Israeli armed forces and border police used the cover of the war against Hamas in Gaza to reintroduce the firing of .22 rifle bullets - as well as the extensive use of a new model of tear-gas canister - against unarmed demonstrators in the Occupied West Bank protesting at the building of Israel's "separation wall".
The tactics were highlighted on Friday, when a US protester, Tristan Anderson, 38, was hit in the head by one of the new extended-range gas canisters in the village of Ni'ilin, suffering an open wound in his skull and substantial brain damage. Anderson's friend, Gabrielle Silverman, claims he was struck by a canister fired from a high-velocity rifle. The Israeli military says stone-throwing "poses a threat to troops", and several officers have been injured by rocks.
It said troops used the permitted means of riot dispersal in Friday's incident, including tear gas, rubber-coated steel pellets and stun grenades.
The extended-range canisters have been brought into service at the same time that the Israeli Defence Force (IDF) and border police have again been using live rounds fired from Ruger sniper rifles, banned in 2001 by Israel's then military advocate general, Menahem Finkelstein.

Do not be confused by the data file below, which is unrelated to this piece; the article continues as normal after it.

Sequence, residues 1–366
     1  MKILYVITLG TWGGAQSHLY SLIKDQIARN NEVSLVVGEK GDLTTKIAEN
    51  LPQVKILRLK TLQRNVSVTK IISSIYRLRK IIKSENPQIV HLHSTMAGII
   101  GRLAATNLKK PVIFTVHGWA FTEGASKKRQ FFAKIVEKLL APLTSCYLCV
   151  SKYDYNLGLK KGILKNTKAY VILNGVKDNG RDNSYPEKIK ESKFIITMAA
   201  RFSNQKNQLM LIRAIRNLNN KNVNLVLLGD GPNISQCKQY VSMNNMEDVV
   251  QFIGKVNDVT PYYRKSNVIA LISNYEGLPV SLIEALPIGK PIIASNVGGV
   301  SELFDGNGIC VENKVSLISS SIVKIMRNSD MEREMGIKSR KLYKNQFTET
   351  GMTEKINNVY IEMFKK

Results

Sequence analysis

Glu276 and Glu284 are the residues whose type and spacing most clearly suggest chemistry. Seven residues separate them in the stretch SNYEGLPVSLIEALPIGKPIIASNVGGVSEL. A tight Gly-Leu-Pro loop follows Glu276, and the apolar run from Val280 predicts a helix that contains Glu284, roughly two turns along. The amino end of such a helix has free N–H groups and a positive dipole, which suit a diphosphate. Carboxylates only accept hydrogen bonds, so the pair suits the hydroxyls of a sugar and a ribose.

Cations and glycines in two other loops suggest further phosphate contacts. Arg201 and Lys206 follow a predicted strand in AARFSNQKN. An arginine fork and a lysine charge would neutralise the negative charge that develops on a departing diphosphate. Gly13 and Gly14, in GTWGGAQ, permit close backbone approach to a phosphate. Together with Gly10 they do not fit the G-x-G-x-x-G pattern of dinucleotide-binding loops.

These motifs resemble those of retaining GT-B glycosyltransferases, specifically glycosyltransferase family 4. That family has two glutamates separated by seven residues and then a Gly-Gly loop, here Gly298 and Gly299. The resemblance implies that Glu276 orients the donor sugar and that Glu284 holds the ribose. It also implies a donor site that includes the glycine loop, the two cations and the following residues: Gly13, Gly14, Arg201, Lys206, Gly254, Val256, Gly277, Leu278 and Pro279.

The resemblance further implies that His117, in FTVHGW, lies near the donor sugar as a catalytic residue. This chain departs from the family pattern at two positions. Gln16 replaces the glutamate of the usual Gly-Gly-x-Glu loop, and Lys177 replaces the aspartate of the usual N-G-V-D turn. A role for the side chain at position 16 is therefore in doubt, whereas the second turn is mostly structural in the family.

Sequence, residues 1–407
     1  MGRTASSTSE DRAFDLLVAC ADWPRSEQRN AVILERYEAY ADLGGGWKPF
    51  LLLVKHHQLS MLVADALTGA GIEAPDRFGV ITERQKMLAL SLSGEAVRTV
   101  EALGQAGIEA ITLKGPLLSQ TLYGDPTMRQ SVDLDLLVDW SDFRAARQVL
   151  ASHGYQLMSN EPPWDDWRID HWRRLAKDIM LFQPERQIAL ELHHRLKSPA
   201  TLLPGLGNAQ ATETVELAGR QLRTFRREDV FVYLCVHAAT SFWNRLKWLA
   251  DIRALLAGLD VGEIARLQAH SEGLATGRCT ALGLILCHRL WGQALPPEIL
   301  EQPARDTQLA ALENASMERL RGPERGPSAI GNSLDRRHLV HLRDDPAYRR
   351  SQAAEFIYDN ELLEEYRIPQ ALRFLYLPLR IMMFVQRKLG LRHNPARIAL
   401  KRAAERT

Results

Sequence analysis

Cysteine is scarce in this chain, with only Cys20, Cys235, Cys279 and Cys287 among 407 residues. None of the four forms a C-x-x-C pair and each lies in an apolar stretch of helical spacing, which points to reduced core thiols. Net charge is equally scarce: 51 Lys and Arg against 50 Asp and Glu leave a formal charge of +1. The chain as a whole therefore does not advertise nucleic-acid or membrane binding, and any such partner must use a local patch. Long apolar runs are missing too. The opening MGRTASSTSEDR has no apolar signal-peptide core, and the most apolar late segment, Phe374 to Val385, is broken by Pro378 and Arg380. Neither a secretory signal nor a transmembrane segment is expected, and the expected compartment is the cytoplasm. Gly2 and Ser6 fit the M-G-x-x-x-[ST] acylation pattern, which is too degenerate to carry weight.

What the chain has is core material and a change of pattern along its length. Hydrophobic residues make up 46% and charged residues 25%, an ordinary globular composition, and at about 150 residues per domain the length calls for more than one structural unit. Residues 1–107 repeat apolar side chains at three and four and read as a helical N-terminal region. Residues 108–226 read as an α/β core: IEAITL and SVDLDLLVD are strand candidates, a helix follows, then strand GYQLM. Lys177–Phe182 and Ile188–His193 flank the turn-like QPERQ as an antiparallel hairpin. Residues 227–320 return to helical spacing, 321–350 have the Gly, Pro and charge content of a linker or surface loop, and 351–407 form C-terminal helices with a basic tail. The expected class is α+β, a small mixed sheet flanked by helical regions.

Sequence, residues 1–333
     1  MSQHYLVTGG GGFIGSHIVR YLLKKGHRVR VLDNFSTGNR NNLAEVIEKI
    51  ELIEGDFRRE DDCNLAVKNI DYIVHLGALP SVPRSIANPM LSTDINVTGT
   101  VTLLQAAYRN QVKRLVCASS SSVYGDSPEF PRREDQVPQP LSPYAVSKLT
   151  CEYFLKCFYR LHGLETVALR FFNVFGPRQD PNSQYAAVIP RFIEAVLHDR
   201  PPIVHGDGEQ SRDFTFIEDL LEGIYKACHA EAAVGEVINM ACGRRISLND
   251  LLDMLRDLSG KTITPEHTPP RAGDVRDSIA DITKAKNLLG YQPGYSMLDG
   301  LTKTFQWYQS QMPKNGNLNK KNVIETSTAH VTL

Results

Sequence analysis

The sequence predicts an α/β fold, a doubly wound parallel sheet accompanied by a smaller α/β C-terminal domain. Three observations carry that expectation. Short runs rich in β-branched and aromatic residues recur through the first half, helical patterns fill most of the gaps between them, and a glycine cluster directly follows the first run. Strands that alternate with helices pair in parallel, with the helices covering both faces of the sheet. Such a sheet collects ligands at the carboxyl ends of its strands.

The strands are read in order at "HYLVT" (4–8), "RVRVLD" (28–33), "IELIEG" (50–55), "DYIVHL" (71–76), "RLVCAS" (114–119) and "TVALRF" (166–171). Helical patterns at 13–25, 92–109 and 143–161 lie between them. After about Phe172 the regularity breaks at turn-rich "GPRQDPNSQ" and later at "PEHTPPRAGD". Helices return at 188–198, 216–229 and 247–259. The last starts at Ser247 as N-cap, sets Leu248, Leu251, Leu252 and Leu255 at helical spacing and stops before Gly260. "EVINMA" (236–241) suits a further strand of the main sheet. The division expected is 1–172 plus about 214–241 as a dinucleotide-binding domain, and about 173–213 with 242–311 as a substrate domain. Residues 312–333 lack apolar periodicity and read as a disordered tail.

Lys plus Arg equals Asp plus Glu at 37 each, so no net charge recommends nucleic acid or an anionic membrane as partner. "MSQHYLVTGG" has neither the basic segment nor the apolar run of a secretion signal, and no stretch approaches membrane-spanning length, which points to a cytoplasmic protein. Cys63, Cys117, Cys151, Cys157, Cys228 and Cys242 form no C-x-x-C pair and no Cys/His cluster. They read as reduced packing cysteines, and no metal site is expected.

The new gas canister that injured Anderson - the fourth member of the International Solidarity Movement to be killed or seriously injured by Israeli troops since the beginning of the Second Intifada - is fired at a much higher speed than the gas canisters and grenades deployed before.
According to witnesses, soldiers have been firing the canisters directly at protesters, sometimes from a few dozen metres, using the hard plastic-coated metal tubes as a weapon.
"They have introduced new weapons," said Sasha Solana, a colleague of Anderson from the International Solidarity Movement. "They are shooting directly into people."
B'Tselem, an Israeli human rights organisation, complained to the Israeli judge advocate general two weeks ago about the new tactics.
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